Thursday, October 25, 2018

Democrats targeted in bomb attempts

In the United States, authorities have intercepted explosive devices mailed to former president Barack Obama, former presidential candidate Hillary Clinton, the headquarters of news network CNN and several high-profile Democratic politicians. In a statement, the US Secret Service said it had begun “a full scope criminal investigation that will leverage all available federal, state, and local resources to determine the source of the packages and identify those responsible”. Former US attorney-general Eric Holder, investor George Soros and Democratic representatives Maxine Waters and Kamala Harris were also targeted. In an opinion piece for The New York Times ($), George Soros’ son, Alex, blamed “political leaders who swear an oath of office to protect all citizens instead pursue politics of division and hate” for “the new normal of political demonisation that plagues us today”.

A former Department of Home Affairs official has urged federal politicians to free refugees and asylum seekers from offshore detention. In a letter seen by Guardian Australia, former Home Affairs official Shaun Hanns said his support for Australia’s mandatory detention regime changed as he realised “that the system as it stands in 2018 relies entirely on boat turnbacks”, describing “continuing detention of those on Manus and Nauru [as] not just tragic but meaningless”. “The events of the past few months led me, like many others, to genuinely fear we will see a child dying on Nauru, and this has spurred me into action,” he said.

Foreign minister Marise Payne has reserved the right to stop Australian arms materiel sales to Saudi Arabia over the Jamal Khashoggi scandal. Questioned by Greens leader Richard Di Natale in Senate estimates on Wednesday, Payne said “all options are on the table” for Australia to respond to the murder of the dissident Saudi journalist in Saudi Arabia’s Turkish embassy earlier this month. Khashoggi’s son, Salah, met with Saudi Crown Prince Mohammed bin Salman in Riyadh on Tuesday, prompting outrage from human rights advocates. German chancellor Angela Merkel suspended arms exports to Saudi Arabia on Sunday, saying weapons sales “cannot happen given the circumstances in which we are now in”.

The Victorian government has promised to hold a royal commission into the state mental health system if re-elected at the November election. Speaking on Wednesday, premier Daniel Andrews said the two-year inquiry would examine why “we are so far away from a system that the most vulnerable in our community need”, describing Australia’s estimated 3000 deaths by suicide this year as “a national emergency”. Mental health advocate and former Australian of the Year Patrick McGorry said the parlous state of Victoria’s mental health system was “an open secret”, noting that “we are turning away two out of three people from specialist mental health every day”.

And New Zealand’s National Party will hold an inquiry into its internal culture after four women accused high-profile MP Jami-Lee Ross of abuse, harassment and manipulation. Last week a Newsroom investigation published allegations of “brutal and misogynistic” sex, “verbal threats and intimidation”, “implied physical threats” and “grooming” against Ross, who was taken into care at an Auckland mental health care unit on Sunday. Ross was a National MP for seven years before becoming an independent earlier this month following an unrelated scandal. National leader Simon Bridges described the scandal as the party’s “worst week in living memory”, saying the party needed to “make sure women feel absolutely safe”.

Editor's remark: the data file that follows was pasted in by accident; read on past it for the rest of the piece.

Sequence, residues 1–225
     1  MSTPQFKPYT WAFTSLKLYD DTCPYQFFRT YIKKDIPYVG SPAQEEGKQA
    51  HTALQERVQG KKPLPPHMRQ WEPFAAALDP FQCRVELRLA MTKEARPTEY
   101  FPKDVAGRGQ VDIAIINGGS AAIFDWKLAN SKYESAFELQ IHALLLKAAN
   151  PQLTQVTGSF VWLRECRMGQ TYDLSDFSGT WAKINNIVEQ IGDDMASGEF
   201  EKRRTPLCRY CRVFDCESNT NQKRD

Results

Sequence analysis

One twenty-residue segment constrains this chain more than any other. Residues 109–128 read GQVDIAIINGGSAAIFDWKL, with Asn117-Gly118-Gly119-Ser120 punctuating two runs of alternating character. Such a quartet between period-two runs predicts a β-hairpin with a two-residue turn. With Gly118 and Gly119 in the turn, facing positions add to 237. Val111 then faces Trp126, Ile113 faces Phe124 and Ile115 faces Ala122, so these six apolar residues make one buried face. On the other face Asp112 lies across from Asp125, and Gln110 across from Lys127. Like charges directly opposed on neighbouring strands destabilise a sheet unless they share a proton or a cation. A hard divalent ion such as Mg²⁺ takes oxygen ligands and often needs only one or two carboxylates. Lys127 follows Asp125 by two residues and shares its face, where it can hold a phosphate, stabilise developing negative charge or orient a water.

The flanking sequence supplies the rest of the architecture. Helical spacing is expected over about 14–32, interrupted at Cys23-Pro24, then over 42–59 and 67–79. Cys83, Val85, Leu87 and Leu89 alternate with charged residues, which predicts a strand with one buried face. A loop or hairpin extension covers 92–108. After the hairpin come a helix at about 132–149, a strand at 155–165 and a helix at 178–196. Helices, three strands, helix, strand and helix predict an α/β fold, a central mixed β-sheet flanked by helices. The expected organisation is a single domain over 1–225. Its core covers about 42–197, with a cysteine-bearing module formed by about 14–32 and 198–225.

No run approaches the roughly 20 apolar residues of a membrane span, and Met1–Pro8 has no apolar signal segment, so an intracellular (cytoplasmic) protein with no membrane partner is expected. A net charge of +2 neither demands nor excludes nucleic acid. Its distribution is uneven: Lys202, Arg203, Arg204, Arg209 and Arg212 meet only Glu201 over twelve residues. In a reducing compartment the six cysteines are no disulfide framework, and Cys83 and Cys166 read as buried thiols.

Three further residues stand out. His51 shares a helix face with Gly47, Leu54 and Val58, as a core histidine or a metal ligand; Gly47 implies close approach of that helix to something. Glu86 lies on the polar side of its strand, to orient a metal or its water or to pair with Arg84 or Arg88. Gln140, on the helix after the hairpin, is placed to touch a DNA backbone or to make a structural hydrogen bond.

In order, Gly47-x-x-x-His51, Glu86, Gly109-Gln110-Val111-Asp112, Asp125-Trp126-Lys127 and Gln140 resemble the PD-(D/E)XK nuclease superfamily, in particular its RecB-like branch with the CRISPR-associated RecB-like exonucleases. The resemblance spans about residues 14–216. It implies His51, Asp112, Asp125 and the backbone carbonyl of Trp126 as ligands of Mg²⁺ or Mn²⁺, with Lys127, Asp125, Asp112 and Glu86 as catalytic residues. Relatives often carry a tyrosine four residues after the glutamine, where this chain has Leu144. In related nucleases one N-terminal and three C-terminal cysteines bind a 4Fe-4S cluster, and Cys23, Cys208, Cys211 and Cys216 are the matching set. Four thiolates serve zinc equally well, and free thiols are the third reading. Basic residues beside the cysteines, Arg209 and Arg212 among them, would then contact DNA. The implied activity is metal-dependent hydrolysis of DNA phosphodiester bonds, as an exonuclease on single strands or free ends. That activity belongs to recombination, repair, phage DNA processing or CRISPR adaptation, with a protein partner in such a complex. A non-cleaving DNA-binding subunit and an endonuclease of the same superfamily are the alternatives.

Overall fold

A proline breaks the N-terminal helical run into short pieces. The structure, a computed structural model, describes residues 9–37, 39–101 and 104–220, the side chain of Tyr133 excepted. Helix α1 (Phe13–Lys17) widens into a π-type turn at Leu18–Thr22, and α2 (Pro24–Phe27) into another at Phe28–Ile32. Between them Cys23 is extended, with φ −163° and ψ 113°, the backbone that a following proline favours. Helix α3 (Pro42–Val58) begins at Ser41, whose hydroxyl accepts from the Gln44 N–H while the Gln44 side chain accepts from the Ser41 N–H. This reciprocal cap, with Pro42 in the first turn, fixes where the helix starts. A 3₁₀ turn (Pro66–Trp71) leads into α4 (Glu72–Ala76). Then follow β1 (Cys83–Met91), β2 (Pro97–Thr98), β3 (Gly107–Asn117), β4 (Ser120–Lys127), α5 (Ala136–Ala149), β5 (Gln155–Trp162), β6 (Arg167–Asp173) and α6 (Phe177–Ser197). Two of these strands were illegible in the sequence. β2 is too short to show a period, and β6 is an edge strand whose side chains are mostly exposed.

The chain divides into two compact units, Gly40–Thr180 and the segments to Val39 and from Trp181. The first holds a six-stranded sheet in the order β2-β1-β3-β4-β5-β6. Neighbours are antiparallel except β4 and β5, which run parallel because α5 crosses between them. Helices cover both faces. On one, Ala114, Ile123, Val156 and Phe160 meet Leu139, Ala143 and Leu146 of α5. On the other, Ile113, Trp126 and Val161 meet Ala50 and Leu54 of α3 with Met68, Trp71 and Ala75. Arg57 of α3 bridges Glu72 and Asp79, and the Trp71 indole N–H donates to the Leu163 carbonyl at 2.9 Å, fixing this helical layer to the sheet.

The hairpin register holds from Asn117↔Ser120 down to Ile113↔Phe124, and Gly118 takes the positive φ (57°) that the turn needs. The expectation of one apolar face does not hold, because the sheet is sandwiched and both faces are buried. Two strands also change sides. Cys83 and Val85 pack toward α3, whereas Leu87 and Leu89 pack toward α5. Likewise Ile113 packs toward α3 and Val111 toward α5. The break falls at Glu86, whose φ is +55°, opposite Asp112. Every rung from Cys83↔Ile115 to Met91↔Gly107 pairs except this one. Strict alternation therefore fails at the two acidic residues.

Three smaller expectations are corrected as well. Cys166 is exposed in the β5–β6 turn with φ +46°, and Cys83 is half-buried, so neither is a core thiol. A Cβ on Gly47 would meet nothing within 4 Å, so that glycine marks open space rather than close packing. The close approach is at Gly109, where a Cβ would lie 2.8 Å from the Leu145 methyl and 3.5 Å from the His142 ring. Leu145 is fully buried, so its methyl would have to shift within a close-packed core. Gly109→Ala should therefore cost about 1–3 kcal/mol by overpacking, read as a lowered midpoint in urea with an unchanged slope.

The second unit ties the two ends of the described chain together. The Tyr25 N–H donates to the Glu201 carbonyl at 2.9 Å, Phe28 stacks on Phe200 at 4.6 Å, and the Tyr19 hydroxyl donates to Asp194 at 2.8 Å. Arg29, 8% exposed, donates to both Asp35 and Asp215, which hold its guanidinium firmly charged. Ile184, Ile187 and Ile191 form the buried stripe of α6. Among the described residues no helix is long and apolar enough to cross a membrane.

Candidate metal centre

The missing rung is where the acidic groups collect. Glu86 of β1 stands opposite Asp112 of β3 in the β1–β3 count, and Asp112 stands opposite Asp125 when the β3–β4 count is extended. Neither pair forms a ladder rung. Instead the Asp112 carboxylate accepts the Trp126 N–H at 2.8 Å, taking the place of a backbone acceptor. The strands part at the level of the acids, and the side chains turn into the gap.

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Lifeline: 13 11 14

GREENS SENATOR MEHREEN FARUQI, REPEATEDLY, AS LIBERAL SENATOR IAN MACDONALD MANGLES HER VERY SIMPLE NAME

 
 

“In the past decade, DNA ancestry testing has grown into a $500 million global industry. With just a cheek swab, testing companies offer to trace your ancestry back generations and across continents. But as the direct-to-consumer testing has boomed, scientists have become increasingly concerned about its methodologies and accuracy.”

 

“I’d been around heavy cannabis users for years – bogan boys with bongs in fist day and night – but had never been interested. My new friends smoked differently. In circles at parties, listening to Led Zeppelin and Black Flag. Or talking. About interesting things. And laughing. I loved cannabis: there was no vomiting and no hangover. Music sounded incredible. Food tasted incredible. A touch, a kiss. Incredible.”

 

“Over two weeks late last spring, the weather was unseasonably foul on the southern parts of the Great Barrier Reef. For the scientists and volunteers working there, intense winds made boat trips and diving challenging. Nonetheless, they persevered, buoyed by their belief the largest reef system in the world is worth saving.”

 
 

“This week marks one year since members of the media were tipped off about the Australian Federal Police raids on Australian Workers’ Union’s offices, yet we still aren’t any closer to finding out exactly what happened.”

 
 

“AWU national secretary Daniel Walton told BuzzFeed News the union has gone to great lengths to get answers. ‘On top of legal resources, we have been forced to hire private investigators to track down individuals and issue subpoenas’, Walton told BuzzFeed News.”

 
 

“Robyn’s charted an adventurous path throughout her career, straying far from straight-ahead pop and toward varying strains of dance music, from flashy freestyle to cavernous dark disco. Navigating the less publicised corners of her impressive catalogue can be a bit difficult without a primer on hand – which is exactly why we made one.”

Alex McKinnon
is Schwartz Media's morning editor.